The Dream Machine:

As long as I’m thinkin’ about lights...this is the one I intend to eventually upgrade to: the Spectra Max 246. It’s essentially the same thing I’m using in the flower box now, with the addition of a 150 watt HPS HID. I intend to build a whole new cab around it, rather than hafta modify and retune one I’m currently using. These are the specs I pulled offa the web:

SPECTRA MAX 246 2ft Grow Light
Sunlight Supply's Spectra Max....combines the red spectrum of High Pressure Sodium (2500°K) with the blue spectrum of T5 HO lamps (6500°K)...95% German reflective aluminum...Slotted & louvered for cool operation...2 on/off switches to control the HPS & fluorescent T5 bulbs independently...Runs on an 8ft, UL listed, grounded 120VAC power cord. 246 Watts / 24,000 Lumens Total power. Size: 23 1/8" long x 14 ¼” wide x 4 1/8" tall.

Lamp Accommodation:
1-150w HPS Lamp (medium base)
4-24w (2ft) T5 HO 6500°K Bulbs

Seeing the Light:
I’ve found that the Philips brand bulbs tend to have the best CRI values for low cost lights, although the GE HO lights ain’t too shabby. I used to be a much more rabid fan of light quality and higher CRIs, but over time discovered that my plants appreciated greater quantities much, much more. I still prefer to use lights with a CRI of at least 85, but that’s not set in stone for me now. As a simple rule of thumb, 50 watts per square foot coverage would be the minimum level for fluoros that I’d advise using without high output lights. I never expected to get the biggest or densest nugz on the block myself, but I have seen harvests with buds bigger’n a beer can, all done with HO CFL...and you’ve already seen just how frosty my own buds have been gettin’. I got no complaints...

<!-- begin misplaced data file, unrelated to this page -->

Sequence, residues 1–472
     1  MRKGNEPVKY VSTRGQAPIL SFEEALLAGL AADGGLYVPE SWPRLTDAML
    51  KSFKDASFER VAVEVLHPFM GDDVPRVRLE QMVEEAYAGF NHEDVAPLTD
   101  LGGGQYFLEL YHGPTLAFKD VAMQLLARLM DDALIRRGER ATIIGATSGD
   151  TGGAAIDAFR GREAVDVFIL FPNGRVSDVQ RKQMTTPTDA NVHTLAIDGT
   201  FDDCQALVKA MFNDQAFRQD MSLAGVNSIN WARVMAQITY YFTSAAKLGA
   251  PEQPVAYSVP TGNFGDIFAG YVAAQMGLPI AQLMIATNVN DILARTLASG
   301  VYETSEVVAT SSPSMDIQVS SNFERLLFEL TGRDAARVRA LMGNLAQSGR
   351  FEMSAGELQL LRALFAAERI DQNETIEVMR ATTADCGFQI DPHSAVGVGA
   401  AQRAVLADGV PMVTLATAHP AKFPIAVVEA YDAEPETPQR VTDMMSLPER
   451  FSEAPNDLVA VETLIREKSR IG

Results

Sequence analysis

I found this reference chart in Green's grow book very helpful:
Impact of Light Color on Plant Growth
CCT in Kelvin(K).....Light Color......Effect
5,000 to 8,000.....Deep blue......Encourages excellent leaf and stem growth
4,000 to 5,000.....Light blue......Encourages good leaf and stem growth
4,000................Neutral white...Promotes normal growth
3,700 to 4,000....Warm neutral...Promotes rapid growth
3,000 to 3,700...Warmer yellow neutral...Highly active photosynth. for all stages...
1,500 to 3,000....Hot orange or red...Promotes flowering

I change out the old bulbs once a year, at Spring DST when I’m doin’ the clocks and smoke alarm. I’ve read that fluoro bulbs can lose anywhere from 25 to 50% of their output after 12 months, but exact figures can be hard to find, and I tag and store the used tubes for emergencies. The expensive bulbs with longer life get an extra year before changing, and the info goes into the ol’ planner book to keep track of it all.
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Old 11-30-2009, 12:35 AM
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Default Ventilation, Fans and Odor Control


All my fans are tube-axials, and run on standard US household current, 110 to 120VAC, 50/60Hz, which made all the wiring an’ such a snap...but wouldn’t ya know it, I come to find the DCs are a better idea. Grrr. Next time...I opted for axial fans ‘cause they just couldn’t be beat for low noise—the prime requisite—and low cost. My first grows were done in my bedroom, less than 6 feet away from my sleepin’ head, so low noise levels were important before I even started thinkin’ about security. I will not accept any fan rated higher than 35-37dB in my garden. Ever. If the noise level coming from the cab, including the rush of air, sounds no worse to me than my desktop PC running, I'm satisfied. No system will ever be totally silent, but I can sleep through that. Now that the cabs’re in the den, they’re unnoticeable. I still like to keep a 20” box fan runnin’ in the main apartment for “air circulation”. The low, background white-noise it makes at least adds a sense of more security...